bool V_6)
    ldarg.0
    callvirt   instance char[] [mscorlib]System.String::ToCharArray()
    stloc.0
    ldc.i4.0
    stloc.1
    ldloc.0
    stloc.s    V_4
    ldc.i4.0
    stloc.s    V_5
    br.s       loopcheck

  loopstart:
    ldloc.s    V_4
    ldloc.s    V_5
    ldelem.u2
    stloc.2
    ldloc.1
    ldloc.2
    add
    stloc.1
    ldloc.s    V_5
    ldc.i4.1
    add
    stloc.s    V_5
  loopcheck:
    ldloc.s    V_5
    ldloc.s    V_4
    ldlen
    conv.i4
    clt
    stloc.s    V_6
    ldloc.s    V_6
    brtrue.s   loopstart

    ldloc.1
    ldc.i4     0x100
    rem.un
    stloc.3
    br.s       methodend

  methodend:
    ldloc.3
    ret
  }

Points to note:

  • The optimized version uses fewer locals. This may allow the JIT to use registers more effectively.
  • The optimized version uses blt.s rather than clt followed by brtrue.s when checking whether or not to go round the loop again (this is the reason for one of the extra locals).
  • The unoptimized version uses an additional local to store the return value before returning, presumably to make debugging easier.
  • The unoptimized version has an unconditional branch just before it returns.
  • The optimized version is shorter, but I doubt that it's short enough to be inlined, so I suspect that's irrelevant.

To get a good understanding, you should look at the IL code generated.

Compile the assembly, then make a copy of it and compile again with the optimizations. Then open both assemblies in .net reflector and compare the difference of the compiled IL.

Update: Dotnet Reflector is available at http://www.red-gate.com/products/dotnet-development/reflector/

Update 2: IlSpy seems like a good open source alternative. http://ilspy.net/

Open Source Alternatives to Reflector?

  • 1
    Looking at the IL is not enough, you need to see the JITed output to see the bulk of the optimizations applied. – Scott Chamberlain Jan 29 '14 at 18:04
  • 2
    @ScottChamberlain: Not by the compiler optimization flag. The output of the compiler is the IL. Any change due to the compiler flag must be present in the IL. How the JIT optimizes things is a different matter. – Jon Skeet Jan 29 '14 at 18:08
  • 3
    Note that you don't need Reflector (a paid product beyond the free trial) - ildasm will do the job just fine. – Jon Skeet Jan 29 '14 at 18:09
  • 3
    ILSpy is a free alternative to Reflector that also decompiles to C# or IL. – Scott Chamberlain Jan 29 '14 at 18:13

I don't know what optimizations it is doing but I can show you how you can find out for your self.

First build your code optimized and start it without the debugger attached (the JIT compiler will generate different code if the debugger is attached). Run your code so that you know that section was entered at least once so the JIT Compiler had a chance to process it and in Visual Studio go to Debug->Attach To Process.... From the new menu choose your running application.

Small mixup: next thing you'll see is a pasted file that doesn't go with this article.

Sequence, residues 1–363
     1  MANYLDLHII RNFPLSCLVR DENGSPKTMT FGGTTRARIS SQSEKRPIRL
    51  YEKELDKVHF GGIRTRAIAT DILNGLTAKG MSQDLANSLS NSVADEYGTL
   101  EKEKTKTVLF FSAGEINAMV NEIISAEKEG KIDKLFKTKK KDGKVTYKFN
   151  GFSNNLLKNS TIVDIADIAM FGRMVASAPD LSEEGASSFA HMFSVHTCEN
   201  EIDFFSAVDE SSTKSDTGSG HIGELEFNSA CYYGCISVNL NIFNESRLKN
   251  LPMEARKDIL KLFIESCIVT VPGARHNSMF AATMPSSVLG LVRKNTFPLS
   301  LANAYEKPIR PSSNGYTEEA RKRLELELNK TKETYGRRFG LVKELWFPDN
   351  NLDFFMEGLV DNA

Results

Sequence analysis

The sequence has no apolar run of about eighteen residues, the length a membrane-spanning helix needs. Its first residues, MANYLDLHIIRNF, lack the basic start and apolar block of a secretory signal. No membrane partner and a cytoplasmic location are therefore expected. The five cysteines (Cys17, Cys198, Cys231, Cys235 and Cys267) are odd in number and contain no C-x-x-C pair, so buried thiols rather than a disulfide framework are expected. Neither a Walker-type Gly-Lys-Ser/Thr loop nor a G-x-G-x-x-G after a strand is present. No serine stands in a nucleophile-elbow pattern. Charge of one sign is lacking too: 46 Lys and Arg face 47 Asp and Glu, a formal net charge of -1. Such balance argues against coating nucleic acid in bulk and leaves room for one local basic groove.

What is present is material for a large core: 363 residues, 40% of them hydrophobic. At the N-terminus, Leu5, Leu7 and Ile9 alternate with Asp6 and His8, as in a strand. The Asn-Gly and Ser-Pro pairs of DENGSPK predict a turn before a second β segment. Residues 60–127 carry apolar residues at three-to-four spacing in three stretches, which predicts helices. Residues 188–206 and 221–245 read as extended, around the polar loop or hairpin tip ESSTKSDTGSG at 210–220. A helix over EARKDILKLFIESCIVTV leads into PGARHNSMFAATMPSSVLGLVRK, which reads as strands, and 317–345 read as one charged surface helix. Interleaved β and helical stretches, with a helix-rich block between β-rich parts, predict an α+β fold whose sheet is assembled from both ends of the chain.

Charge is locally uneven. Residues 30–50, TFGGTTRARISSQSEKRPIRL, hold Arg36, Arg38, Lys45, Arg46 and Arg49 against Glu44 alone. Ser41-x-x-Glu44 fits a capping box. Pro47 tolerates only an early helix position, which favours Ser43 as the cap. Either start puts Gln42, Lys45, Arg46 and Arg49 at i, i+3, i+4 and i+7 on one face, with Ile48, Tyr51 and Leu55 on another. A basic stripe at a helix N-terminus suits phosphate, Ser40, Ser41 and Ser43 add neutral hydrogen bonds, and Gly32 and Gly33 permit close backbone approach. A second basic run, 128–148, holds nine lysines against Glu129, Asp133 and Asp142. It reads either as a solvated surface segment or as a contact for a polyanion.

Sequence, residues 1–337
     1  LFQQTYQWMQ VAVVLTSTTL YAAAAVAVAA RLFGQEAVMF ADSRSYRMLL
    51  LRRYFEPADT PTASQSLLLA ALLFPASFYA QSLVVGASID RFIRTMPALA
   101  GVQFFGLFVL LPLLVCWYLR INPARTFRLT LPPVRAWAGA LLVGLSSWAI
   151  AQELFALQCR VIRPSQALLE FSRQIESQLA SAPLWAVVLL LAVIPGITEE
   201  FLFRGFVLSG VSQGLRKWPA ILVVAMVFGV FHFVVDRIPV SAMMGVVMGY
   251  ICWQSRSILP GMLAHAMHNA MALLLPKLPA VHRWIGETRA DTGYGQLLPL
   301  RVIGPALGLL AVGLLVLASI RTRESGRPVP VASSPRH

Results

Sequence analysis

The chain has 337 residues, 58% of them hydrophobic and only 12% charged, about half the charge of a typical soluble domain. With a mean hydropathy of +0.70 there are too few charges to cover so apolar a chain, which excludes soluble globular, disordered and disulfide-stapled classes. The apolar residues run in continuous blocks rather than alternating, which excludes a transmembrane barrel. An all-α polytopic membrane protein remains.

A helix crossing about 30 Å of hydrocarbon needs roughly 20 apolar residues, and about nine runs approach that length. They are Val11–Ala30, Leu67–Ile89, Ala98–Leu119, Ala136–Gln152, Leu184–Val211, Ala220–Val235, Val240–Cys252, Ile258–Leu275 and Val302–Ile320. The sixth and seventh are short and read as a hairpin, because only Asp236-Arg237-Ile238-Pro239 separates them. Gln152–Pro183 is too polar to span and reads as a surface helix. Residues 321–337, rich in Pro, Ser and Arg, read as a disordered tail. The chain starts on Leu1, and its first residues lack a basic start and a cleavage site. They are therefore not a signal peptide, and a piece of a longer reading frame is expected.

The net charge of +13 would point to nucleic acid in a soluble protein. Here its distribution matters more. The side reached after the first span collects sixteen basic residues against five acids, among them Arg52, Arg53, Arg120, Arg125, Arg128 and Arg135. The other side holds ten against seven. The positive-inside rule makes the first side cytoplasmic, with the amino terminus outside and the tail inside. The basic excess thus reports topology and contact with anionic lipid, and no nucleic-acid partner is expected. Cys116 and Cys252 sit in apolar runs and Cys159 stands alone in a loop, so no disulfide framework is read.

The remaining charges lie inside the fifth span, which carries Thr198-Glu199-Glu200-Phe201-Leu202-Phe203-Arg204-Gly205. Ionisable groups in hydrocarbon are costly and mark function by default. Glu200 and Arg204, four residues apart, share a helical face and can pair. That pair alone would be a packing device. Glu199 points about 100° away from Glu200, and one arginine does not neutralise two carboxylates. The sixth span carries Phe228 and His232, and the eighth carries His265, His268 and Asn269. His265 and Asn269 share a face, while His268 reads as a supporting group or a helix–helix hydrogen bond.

Put a breakpoint in the spot you are wondering about and let the program stop, once stopped go to Debug->Windows->Dissasembly. That will show you the compiled code the JIT created and you will be able to inspect what it is doing.

(Click for larger view) enter image description here

  • 2
    Looking at the JITted code doesn't show the difference in the compiler output. The answer which you commented on but was deleted was right in this case, IMO. The flag is to the compiler, and the output of the compiler is the IL. – Jon Skeet Jan 29 '14 at 18:07
  • @JonSkeet however, and please correct me if I am wrong, the optimized IL will be more likely to be further optimized by the JIT due do it being more "JIT friendly" resulting in much larger changes between the IL code and the JIT code. – Scott Chamberlain Jan 29 '14 at 18:11
  • Yes, it will be further optimized by the JIT. But the OP says they're interested in what the compiler is doing - so it makes sense to look at the compiler output, not the JIT output. (The JIT will depend on all kinds of things.) – Jon Skeet Jan 29 '14 at 18:13
  • @JonSkeet: The OP did ask about the compiler, but it sounds (to me) like he is assuming that is where all of the optimization is occurring. If the compiler is outputting IL which is more easily optimized by the JIT then the compiler differences are only half of the equation. – Ed S. Jan 29 '14 at 18:14
  • In my interpretation of the question the OP is more interested in what in total decreased his run time from 25 seconds to 7 seconds which would involve looking at both the performance gains of the IL optimizations and the optimizations of the JITed code. EDIT: What @EdS. said :) – Scott Chamberlain Jan 29 '14 at 18:15